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Buying a house timeline

This timeline is simply a memory aid for the things you'll need to do when buying a new home. Your sequence may differ greatly, although you'll probably need to do most of the same things.

You may find your dream home in a week, or it may take months. Your time frame will also hinge on whether you're moving across town or across the country. It's smart to be prepared for any scenario.

Six months out
Narrow your territory. Buyers generally buy town first, neighbourhood second and house third. Location, style and cost are most important. Cancel out the towns and neighbourhoods you don't care for. You can do this on your own or on a one-time area tour with an agent. Eliminate what you don't like.

Know your financial situation. Leave yourself time to correct any problems. Have a down payment ready.

Determine how much house you can afford. While this is for your own use now, it needs to be realistic. Later, your mortgage lender will set hard limits on how much you can borrow.

Think about your budget, and structure your home selection around that. Should you be looking at a townhouse or a single-family dwelling? Some place downtown or out in the suburbs? Are you looking at a new home or a resale?

Interview real estate agents to help you with your search.

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Three months out
Select a mortgage broker or a mortgage lender. They'll run your credit and get preliminary information such as the amount you owe, all liabilities, all assets and current banking information.

Let the broker know how big a down payment you have. If the down payment is the minimal 5 percent or 10 percent, the mortgage will have to be insured. Talk with your bank or mortgage company.

Double-check your buying power. You don't want to waste time looking at homes you can't afford.

Get pre-approved -- not just pre-qualified -- for a mortgage. The pre-approval term usually lasts between 60 and 90 days. Collect the required documents and paperwork. You should obtain a pre-approval letter confirming the size of purchase you qualify for.

Make sure you have a local real estate attorney. Don't wait until you find a house to find a lawyer. Most real estate companies have a roster of lawyers or someone in-house.

Six weeks out
If you're doing a corporate relocation, find out exactly what is covered and what you're expected to pay for.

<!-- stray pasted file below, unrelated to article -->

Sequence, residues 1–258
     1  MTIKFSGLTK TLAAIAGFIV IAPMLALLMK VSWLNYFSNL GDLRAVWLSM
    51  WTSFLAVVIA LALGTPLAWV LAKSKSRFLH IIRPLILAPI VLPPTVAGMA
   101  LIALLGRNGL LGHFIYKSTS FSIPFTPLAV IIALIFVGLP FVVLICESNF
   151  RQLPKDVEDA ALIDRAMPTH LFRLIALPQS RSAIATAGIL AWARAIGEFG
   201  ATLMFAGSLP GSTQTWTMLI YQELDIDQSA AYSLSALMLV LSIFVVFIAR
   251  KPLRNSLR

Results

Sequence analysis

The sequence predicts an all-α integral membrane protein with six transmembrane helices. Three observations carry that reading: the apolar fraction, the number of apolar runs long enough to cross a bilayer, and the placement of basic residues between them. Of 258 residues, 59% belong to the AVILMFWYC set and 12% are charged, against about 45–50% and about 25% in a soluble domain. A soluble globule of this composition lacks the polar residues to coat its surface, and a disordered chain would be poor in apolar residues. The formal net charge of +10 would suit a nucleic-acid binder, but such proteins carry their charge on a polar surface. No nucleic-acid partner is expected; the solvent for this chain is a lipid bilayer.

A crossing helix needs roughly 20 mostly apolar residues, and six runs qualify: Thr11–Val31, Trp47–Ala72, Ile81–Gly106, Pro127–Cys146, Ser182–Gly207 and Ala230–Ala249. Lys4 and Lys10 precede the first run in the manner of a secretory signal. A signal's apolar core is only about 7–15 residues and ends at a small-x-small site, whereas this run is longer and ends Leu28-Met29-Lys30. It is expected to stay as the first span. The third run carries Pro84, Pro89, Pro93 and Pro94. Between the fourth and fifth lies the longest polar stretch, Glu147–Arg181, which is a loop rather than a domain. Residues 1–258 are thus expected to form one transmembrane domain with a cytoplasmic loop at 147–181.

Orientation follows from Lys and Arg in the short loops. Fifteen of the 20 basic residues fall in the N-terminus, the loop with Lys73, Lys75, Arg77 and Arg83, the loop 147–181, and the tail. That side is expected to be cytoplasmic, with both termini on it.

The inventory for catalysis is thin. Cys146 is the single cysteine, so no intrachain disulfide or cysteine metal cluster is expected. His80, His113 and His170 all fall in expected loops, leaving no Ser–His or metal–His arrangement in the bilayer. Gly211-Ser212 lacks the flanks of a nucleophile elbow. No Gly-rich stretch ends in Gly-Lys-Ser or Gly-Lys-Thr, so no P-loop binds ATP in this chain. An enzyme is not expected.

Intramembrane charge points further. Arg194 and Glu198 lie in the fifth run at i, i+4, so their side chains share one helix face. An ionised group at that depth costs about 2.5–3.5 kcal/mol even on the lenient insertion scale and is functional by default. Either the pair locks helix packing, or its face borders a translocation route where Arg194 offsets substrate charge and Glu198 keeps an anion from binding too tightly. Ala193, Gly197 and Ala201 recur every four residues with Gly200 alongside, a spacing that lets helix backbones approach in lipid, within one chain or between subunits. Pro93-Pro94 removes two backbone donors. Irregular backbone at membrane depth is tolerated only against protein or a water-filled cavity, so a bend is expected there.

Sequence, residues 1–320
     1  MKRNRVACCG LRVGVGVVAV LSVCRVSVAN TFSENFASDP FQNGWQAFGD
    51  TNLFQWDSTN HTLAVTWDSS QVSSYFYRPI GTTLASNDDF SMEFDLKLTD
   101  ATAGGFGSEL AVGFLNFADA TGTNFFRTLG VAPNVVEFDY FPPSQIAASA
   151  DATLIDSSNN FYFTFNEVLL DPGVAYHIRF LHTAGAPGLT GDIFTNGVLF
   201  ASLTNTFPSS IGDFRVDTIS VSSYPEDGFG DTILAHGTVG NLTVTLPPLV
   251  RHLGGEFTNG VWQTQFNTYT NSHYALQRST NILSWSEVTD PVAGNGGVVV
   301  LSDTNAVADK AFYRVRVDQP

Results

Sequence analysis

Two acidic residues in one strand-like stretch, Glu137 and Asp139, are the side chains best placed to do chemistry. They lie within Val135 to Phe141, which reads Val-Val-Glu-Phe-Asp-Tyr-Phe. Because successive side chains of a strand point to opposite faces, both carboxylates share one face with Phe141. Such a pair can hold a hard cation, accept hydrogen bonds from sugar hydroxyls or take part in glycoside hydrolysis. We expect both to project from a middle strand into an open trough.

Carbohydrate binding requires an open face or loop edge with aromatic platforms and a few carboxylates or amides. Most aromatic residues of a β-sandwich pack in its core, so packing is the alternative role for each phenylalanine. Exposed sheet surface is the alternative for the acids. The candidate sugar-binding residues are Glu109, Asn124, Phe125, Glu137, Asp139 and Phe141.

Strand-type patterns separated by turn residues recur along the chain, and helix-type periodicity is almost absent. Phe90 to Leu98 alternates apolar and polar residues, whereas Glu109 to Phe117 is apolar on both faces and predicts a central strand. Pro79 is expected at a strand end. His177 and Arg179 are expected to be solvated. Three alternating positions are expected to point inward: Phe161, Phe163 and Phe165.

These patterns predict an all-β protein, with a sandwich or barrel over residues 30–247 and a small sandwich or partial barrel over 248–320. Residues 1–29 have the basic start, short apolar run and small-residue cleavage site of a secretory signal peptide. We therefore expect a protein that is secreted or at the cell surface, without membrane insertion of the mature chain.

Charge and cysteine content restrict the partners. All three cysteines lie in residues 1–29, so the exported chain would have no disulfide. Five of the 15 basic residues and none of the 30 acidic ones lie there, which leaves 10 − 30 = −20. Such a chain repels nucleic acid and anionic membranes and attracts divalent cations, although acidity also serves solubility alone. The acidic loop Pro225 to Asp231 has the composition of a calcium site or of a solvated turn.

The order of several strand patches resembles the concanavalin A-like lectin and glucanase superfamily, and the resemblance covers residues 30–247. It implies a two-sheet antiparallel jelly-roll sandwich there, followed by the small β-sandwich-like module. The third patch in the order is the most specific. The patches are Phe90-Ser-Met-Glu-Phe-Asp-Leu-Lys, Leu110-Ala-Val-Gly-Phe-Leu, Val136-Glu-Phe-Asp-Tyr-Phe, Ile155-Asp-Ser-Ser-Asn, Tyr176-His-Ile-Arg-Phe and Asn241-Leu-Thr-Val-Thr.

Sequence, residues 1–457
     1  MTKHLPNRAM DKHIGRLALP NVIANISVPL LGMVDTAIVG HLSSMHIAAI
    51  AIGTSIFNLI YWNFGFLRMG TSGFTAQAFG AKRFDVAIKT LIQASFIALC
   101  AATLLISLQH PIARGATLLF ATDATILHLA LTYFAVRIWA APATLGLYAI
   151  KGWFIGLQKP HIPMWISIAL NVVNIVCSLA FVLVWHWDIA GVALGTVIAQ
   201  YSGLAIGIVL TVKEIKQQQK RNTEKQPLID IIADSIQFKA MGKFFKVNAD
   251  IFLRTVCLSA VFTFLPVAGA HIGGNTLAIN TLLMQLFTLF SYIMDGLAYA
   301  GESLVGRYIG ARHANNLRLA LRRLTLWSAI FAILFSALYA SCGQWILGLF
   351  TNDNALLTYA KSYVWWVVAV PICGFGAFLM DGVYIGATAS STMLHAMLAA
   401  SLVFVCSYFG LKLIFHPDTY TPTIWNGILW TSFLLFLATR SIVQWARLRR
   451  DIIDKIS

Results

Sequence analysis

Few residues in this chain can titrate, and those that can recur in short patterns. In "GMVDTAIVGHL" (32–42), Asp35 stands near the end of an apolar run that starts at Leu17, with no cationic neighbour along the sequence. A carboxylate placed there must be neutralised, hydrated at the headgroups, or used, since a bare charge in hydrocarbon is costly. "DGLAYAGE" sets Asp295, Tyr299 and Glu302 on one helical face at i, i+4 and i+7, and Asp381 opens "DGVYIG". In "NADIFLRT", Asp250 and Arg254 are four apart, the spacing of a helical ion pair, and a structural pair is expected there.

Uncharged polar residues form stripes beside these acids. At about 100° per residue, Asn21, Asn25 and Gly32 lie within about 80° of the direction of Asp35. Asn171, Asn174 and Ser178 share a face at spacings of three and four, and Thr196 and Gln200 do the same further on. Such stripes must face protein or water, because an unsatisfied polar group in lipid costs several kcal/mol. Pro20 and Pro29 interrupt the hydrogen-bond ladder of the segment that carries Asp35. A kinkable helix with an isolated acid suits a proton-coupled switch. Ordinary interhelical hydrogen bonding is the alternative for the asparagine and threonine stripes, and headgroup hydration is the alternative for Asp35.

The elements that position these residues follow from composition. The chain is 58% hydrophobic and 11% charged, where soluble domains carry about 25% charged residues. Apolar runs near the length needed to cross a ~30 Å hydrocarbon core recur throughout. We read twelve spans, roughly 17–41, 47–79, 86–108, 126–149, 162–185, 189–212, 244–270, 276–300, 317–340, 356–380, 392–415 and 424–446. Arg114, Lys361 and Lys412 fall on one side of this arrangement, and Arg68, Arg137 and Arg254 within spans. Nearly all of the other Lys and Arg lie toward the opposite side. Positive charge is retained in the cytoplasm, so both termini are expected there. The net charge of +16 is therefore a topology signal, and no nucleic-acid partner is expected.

Make a list of everyone who needs to be notified of the move -- friends, relatives, creditors, schools, doctors, dentists, etc. Cancel newspaper and magazine subscriptions or change to the new address. Contact your television provider.

Five weeks out
Select a mover. Arrange for a storage facility if you won't be moving directly into a new home from your current home.

Contact insurance companies to make sure your belongings are covered during the move. If not, find out what the mover covers. Their basic insurance probably insures items by the pound, which isn't good enough. See what other insurance they offer. Have an appraisal of expensive items you want shipped by the mover.

Two weeks out
Arrange to have utilities and phone service in your old home shut off or transferred if it's a local move. Arrange for insurance on the new dwelling.

One week out
If you're moving out of town, close your safety deposit box. Important papers, jewelry and the like should be kept with you during the move.

You may want to close savings accounts, but keep chequing accounts open until you're able to open new ones in your new location. Change your address on all legal documents, such as your driver's licence.

Arrange a method of payment for the movers.

When you find a house
Make an offer subject to financing and any other conditions with a dateline.

Inspection: the real estate agent will recommend having a home inspection, and it should be a condition of the sale.

Once the negotiations have ended, a conditional sale is in place
The lender will hire an appraiser who will ascertain whether the house is worth what the buyer is paying. Once the appraisal has been supplied to the lender and the final qualifying process is completed, the mortgage broker will confirm the financing approval with a written letter. If the home inspection was satisfactory, the conditions will be removed by the real estate agent to firm up the sale.

Be prepared for closing. Review your paperwork. The down payment, interest, taxes, insurance and legal fees are among the costs you'll probably have to pay. Figure out where you'll get the money for closing costs. Do you have to sell stocks? If you're borrowing from a relative, make sure the funds are in your account.

Closing day/moving day
If you are transferring and the old house isn't sold yet, make sure a relative and the real estate agent have keys. Give your real estate agent all of your new phone numbers and complete new address.

Take a final walk through the new house. This is usually done the day of the closing or the day before.

Make sure you have all the payments you'll need to take possession of the house.

Compiled with assistance from Beverly Horbay, a real estate agent with 18 years of experience, currently working with Sutton Group in Medicine Hat, Alberta.
Jasmine Miller is a writer in Toronto.

-- Posted: Sept. 20, 2004
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Home Buyers's Guide
B Y  T H E  N U M B E R S
  9 questions to ask when applying for a mortgage
  10 dos and don'ts for getting an ideal mortgage
  20 things that can alter the value of your home
  Top 5 home-buying mistakes
C A L C U L A T O R S
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  How much house can you afford?
  Get a biweekly mortgage payment plan

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